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Inside In-depth Articles: Dissecting Google’s Latest Feature

Posted by Dr-Pete

Last week, Google launched its latest feature, the “In-depth articles” block. Like News results or local packs, in-depth articles are a rich SERP element that sits in the left-hand column but doesn’t count as a standard, organic result. Here’s an example, from a search for “rainforest“:

We originally spotted in-depth articles in testing as early as July, and as of August 6th the feature officially went live for English queries on Google.com. Over the weekend, I re-tuned our MozCast 10K engine (which tracks a set of 10,000 queries and their features) to take a deeper look at in-depth articles. This post covers what we know so far.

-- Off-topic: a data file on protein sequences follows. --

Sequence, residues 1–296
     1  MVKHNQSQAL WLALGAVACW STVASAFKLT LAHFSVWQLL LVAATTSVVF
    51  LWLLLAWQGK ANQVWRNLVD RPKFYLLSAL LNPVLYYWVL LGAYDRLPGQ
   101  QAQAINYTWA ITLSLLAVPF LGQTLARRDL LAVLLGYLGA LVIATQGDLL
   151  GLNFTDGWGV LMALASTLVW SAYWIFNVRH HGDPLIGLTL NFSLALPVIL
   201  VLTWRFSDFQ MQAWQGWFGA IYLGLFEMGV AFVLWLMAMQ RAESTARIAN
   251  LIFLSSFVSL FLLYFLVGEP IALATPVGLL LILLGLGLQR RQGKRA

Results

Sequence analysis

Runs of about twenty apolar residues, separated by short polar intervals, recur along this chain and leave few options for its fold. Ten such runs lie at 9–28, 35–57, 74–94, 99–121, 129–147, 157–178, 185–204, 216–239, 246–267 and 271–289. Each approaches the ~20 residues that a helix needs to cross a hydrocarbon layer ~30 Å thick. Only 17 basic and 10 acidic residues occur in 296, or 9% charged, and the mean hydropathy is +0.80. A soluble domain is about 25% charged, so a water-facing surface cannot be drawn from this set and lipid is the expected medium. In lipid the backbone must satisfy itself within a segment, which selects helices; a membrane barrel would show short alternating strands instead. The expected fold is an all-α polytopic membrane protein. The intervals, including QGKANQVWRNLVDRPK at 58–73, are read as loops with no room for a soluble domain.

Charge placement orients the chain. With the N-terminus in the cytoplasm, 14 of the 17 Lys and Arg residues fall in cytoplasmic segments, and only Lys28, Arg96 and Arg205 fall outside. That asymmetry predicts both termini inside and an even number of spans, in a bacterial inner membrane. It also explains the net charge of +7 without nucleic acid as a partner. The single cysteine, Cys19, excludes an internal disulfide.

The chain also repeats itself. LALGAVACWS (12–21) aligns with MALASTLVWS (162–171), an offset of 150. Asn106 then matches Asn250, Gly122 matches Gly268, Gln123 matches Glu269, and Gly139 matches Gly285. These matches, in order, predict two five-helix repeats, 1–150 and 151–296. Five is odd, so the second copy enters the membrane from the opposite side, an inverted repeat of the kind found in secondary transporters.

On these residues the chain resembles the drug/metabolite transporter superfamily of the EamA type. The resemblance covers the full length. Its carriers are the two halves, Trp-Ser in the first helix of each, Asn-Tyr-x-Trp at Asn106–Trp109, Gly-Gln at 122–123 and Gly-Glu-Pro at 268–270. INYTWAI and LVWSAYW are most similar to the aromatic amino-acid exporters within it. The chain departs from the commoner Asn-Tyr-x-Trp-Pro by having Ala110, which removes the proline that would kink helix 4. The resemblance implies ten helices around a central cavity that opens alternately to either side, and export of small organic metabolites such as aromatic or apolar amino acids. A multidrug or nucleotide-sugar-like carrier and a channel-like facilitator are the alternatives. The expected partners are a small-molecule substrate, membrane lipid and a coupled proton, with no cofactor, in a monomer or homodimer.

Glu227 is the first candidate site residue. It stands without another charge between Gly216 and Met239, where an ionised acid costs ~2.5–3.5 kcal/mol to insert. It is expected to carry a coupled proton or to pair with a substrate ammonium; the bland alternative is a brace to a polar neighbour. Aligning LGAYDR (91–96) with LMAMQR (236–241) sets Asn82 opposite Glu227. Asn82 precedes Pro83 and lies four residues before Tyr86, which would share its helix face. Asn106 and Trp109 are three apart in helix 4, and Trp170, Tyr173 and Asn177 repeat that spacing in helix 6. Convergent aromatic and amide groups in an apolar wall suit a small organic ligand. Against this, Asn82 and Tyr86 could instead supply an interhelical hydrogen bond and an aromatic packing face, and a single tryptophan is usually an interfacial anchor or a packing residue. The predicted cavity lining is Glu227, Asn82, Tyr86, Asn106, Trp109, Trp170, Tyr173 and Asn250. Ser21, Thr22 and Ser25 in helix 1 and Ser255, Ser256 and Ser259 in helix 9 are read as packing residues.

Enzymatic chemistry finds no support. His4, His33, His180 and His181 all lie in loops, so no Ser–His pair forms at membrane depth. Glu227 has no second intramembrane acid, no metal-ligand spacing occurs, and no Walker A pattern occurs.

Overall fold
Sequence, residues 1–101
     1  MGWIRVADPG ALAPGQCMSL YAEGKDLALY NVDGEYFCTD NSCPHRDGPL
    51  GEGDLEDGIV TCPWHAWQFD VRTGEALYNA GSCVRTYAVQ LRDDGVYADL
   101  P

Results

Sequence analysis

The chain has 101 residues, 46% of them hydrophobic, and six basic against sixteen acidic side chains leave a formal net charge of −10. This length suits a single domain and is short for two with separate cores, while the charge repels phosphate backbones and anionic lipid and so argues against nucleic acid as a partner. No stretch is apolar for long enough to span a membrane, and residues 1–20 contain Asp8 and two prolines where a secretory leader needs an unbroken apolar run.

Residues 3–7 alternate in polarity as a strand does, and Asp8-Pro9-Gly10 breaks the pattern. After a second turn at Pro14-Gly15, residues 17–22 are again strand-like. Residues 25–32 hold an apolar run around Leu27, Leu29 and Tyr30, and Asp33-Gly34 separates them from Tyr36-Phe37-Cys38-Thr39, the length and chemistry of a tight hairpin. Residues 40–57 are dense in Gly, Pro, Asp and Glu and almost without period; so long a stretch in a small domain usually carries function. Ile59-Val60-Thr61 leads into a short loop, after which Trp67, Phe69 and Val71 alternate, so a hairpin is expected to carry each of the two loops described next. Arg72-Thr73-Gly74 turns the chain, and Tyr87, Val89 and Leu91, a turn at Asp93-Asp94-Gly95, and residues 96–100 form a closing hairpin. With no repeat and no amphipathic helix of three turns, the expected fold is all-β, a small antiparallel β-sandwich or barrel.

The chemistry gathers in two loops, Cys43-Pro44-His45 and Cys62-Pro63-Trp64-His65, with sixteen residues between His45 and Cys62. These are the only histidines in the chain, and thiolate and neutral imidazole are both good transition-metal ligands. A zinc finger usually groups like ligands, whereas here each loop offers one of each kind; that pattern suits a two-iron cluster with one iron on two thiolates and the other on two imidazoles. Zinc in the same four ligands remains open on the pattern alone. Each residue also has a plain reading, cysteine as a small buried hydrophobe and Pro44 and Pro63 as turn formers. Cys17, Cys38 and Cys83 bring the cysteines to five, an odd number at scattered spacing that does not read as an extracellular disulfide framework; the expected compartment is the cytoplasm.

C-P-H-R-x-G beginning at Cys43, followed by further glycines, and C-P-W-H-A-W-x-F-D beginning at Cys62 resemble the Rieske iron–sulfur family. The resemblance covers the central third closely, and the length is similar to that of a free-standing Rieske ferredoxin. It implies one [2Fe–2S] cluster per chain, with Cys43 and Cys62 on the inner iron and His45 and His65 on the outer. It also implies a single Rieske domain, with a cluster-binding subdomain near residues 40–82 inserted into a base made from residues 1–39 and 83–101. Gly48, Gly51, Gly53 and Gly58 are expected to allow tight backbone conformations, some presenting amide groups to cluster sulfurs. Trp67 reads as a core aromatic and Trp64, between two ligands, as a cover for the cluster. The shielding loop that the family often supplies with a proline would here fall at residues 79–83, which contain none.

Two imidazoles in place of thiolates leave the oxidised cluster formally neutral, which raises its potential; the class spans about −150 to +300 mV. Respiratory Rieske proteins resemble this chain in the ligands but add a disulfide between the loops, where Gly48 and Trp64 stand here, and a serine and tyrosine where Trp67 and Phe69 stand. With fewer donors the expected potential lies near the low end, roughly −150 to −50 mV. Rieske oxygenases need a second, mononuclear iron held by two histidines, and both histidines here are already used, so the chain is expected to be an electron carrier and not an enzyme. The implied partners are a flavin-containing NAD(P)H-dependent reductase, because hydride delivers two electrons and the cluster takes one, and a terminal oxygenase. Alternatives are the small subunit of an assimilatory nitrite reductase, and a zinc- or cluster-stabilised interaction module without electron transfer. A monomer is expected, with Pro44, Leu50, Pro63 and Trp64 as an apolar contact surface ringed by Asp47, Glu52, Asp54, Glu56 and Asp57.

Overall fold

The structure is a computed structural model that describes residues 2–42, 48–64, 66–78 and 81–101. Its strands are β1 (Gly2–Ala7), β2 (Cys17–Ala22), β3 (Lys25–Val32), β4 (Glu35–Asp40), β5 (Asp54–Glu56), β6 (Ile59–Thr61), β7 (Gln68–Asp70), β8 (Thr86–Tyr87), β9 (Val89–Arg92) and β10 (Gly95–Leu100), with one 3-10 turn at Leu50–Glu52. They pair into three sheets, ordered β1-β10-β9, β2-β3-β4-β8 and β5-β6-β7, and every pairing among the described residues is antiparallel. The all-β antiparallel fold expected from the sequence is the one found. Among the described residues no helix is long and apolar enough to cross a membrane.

Variations on a theme

All in-depth article blocks we’re currently tracking have three results – I’ve seen no exception to this rule yet, although that could change as Google collects more data and adapts. There are a few minor variations to how in-depth articles appear. Here’s a complete snippet, which includes an image thumbnail, title, description, publisher icon, publisher, and author (from a search for “presidential candidates“):

Some in-depth article listings don’t have authorship (from a search for “wedding pictures“):

Finally, some listings don’t have publisher icons or names (from a search for “jobs“):

So far, every in-depth article result I’ve seen in the wild has had an image, title, description, and either a publisher name or domain name. Image thumbnails seem to be taken directly from the articles and cropped.